As a long time resident of Sydney (1947-1984) and a constant visitor to this beautiful city, I am never short of subjects to photograph. For the tourist and photographer alike, there are always the icons of the city and the harbour in which you can while away your time with a camera in hand.
But if you are looking for something a bit different, take your camera to the streets where, at the turn of every corner, a new and exciting story will unfold and present itself to you and your photographic eye.
How to Get There
My suggestion is to head for the very heart of the city. Any one of the city rail stops will open up onto the streets and land you in the middle of a very busy metropolis. My choice is Town Hall but Central, Wynyard, Circular Quay, St James and Museum will do you just as well. You might need a street map but it's a grid city so you can't get too lost.
If you need to get around, walking is the best option but there is adequate transport with the buses, monorail and underground trains.
When to Go
If you are looking for the best action, try peak hours between 8am and 6pm weekdays. Lunch time is good around the eateries and coffee shops. Friday night is chaotic with the party goers. Sunday is for families and kids and the streets are at their quietest.
What Gear Should You Take?
Keep in mind you will need to carry this, unless you have a willing ‘pack horse'. Something light and fast for the candid shots where you don't want to look too conspicuous, something wide for the tight spots, something to get you in close. Tripods are a bit difficult to set up in a busy street but a monopod might come in handy (as a means of defence if you choose some of the seedy places). Carry it all in a secure bag. My preference is for a back pack with a reverse opening.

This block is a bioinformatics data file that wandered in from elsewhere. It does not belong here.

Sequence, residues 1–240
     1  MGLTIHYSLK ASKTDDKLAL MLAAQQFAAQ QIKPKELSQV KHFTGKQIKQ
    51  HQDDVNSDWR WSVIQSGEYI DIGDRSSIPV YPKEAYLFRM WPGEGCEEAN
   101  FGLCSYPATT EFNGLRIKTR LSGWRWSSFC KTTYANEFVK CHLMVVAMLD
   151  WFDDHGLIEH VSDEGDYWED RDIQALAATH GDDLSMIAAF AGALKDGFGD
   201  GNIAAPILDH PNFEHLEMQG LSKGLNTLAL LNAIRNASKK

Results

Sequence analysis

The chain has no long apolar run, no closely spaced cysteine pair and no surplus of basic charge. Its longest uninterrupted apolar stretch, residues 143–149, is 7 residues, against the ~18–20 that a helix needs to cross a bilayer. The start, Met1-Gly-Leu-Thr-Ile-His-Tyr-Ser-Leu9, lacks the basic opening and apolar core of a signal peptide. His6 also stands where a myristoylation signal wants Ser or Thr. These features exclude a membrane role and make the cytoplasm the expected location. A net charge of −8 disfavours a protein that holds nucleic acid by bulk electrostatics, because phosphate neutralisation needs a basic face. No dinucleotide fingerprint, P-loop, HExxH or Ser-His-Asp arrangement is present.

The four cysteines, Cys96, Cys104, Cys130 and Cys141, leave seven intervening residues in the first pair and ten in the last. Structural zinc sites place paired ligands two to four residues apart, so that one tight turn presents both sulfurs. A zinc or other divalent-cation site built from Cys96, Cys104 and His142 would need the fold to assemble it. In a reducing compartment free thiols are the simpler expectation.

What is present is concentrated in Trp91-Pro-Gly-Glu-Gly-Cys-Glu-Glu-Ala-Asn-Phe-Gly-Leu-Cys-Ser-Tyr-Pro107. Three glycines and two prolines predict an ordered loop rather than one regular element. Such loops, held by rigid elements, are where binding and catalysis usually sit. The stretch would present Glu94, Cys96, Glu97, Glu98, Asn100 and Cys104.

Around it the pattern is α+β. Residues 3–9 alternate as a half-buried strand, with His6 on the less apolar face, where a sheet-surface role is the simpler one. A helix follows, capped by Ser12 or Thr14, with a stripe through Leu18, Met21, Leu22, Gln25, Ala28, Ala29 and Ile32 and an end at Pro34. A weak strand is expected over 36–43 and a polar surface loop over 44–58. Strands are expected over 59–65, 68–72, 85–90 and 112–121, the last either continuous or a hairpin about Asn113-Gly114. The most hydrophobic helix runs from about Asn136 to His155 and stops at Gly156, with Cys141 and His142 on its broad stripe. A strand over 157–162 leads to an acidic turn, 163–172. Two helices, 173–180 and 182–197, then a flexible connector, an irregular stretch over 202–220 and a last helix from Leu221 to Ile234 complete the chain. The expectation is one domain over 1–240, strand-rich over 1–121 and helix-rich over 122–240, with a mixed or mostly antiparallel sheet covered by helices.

What to Look For
The CBD is for the businesses, banks and buskers. You will stand out if you're not wearing a suit or the latest in work-safe attire. Its the interaction between people that is worth studying.
You don't have to go far to find residential properties. One street back from North George Street or William Street are the old terrace houses. Stretch your neck a bit and you will find living history here.
Spend some time at a busy intersection and soething will always present itself.
Seek out the anomalies and contradictions of the city. There is such variance in the population you can find a clown or a king in the street and they will go un-notices but for the discerning photographic eye.
The buildings are fascinating in themselves but capturing them in the context of the people who frequent them adds another dimension.
Or jump across the Harbour Bridge and check out the scenery looking back into the city, which makes for amazing night shots such as these (just make sure to bring a good tripod):
Sorry, guys. This one got posted before I had a chance to finish it. Text and photo’s are incomplete.
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And get yourself into the Apple Store on the corner of George and King streets for your own knock off of the famous Michael Freeman photo that he took at the New York flagship store: